Integrating Community Health Workers on Clinical Care Teams and in the Community
A community health worker (CHW) is defined as a frontline public health worker who is a trusted member of a community or who has a thorough understanding of the community being served.1 This relationship allows CHWs to serve as a link between health and social service programs and the community to promote access to services and improve the quality and cultural competence of service delivery.
CHWs also help build individual and community capacity to improve health outcomes by increasing health knowledge and self-sufficiency through a range of activities, such as outreach, community education, informal counseling, social support, and advocacy. The integration of CHWs on clinical care teams is a strategy that can be considered to straddle Domain 3 (health care system interventions) and Domain 4 (community-clinical links).
The evidence base demonstrating the effectiveness of integrating CHWs on clinical care teams is very strong. Research studies examining this intervention have had strong internal and external validity, the Community Preventive Services Task Force concluded that integrating CHWs on clinical care teams is effective, and trials of interventions that integrated CHWs have been replicated with positive results. Implementation guidance for integrating CHWs on clinical care teams is available from several sources.
Integrating CHWs on clinical care teams or in the community as part of cardiovascular disease (CVD) prevention programs can help program participants lower their blood pressure, cholesterol, and blood sugar levels; reduce their CVD risks; be more physically active; and stop smoking.2 It can also improve patient knowledge and adherence to medication regimens and improve health care services.2
Health Disparity Impact
By design, the CHW model seeks to eliminate health disparities because the populations served usually include people who have more barriers to care.3 A Community Preventive Services Task Force review found that most studies on CHWs focused on underserved populations and concluded that the CHW model can be effective in improving health and reducing health disparities related to CVD.2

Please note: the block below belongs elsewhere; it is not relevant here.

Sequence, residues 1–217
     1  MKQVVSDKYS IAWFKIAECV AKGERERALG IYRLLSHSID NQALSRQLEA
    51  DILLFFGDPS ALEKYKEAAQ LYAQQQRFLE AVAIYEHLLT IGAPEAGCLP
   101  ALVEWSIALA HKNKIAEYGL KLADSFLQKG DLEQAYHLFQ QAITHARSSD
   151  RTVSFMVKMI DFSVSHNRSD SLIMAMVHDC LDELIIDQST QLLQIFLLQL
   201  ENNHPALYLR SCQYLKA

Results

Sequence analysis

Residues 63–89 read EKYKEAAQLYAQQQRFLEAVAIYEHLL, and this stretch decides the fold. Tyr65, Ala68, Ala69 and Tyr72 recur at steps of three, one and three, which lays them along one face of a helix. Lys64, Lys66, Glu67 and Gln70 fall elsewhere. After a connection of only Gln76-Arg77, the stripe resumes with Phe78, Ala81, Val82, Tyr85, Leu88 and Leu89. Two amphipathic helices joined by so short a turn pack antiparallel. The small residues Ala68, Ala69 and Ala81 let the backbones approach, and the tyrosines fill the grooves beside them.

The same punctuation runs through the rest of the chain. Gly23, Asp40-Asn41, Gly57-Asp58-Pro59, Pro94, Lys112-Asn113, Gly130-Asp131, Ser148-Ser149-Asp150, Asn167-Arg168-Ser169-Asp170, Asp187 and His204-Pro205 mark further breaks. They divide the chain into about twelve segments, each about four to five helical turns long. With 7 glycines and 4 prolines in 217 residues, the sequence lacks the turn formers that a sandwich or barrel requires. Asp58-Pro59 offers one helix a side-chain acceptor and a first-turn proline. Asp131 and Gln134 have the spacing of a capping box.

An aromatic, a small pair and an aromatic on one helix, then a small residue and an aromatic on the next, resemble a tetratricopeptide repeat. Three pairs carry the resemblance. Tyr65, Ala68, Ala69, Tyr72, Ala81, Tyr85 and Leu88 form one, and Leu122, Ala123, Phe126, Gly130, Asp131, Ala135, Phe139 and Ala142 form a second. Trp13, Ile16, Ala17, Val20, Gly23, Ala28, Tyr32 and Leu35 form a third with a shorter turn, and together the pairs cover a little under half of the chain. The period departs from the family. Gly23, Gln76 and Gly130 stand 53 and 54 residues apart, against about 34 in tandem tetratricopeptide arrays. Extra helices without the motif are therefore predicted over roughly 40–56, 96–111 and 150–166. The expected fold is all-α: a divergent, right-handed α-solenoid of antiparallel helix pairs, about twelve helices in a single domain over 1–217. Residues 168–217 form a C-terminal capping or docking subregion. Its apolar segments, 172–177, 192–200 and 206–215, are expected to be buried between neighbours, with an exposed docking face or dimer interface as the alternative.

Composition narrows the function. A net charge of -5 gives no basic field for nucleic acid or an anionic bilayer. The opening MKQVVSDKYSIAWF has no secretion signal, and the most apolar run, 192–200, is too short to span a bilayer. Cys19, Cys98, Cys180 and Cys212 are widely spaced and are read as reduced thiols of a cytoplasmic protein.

A review by the Community Preventive Services Task Force concluded that interventions that integrate CHWs on clinical care teams to prevent CVD are cost-effective.2 The median cost of intervention was $329 (range: $98 to $422) per person per year, with the main cost drivers being CHW time, costs for training and supervision of CHWs, and cost for any additional interventions or staff. The median change in health care costs after a CHW intervention was a reduction of $82 (range: -$415 to $14) per person per year.
One well-designed study found a return on investment of 1.8 to 1 for a large health plan that served an underserved urban population. Overall evidence for an estimated net benefit indicated that health care cost savings did not exceed the cost of intervention (median net benefit: -$311 from seven studies). The median cost per quality-adjusted life year (QALY) saved was $17,670 (range: $8,233 to $24,149), and all estimates were well below the commonly used and conservative threshold of $50,000 per QALY. The review also noted incomplete reporting or inclusion of major cost drivers in some studies. Future studies should assign a cost to CHW services and time, whether those services are voluntary (unpaid) or otherwise.2
CHWs have been integrated in a variety of primary care settings, including Federally Qualified Health Centers (FQHCs), managed care health systems, patient-centered medical homes, and community pharmacies.1–5
Policy and Law-Related Considerations
The need for policies to ensure that CHWs are sustainably reimbursed for their contribution to team-based care is a frequently cited concern.1,3,4 There is also debate about whether states should require credentialing or certification of CHWs. Proponents of credentialing would like policies to support the consistency of training and certification of CHWs across the country. Opponents are concerned that credentialing could reduce the CHW workforce and decrease access to CHWs who may have intrinsic and invaluable qualities that cannot be certified or credentialed. More information is available from CDC in the form of a State Law Fact Sheet Cdc-pdf[PDF-1.1 MB]11 and Policy Evidence Assessment Report Cdc-pdf[PDF-1 MB]12 that address this topic.
CDC has compiled evidence-based research to support the effectiveness of CHWs in the Community Health Worker Toolkit.6 This toolkit also includes information that state health departments can use to train and further build capacity for CHWs in their communities, as well as helpful resources that CHWs can use in their communities.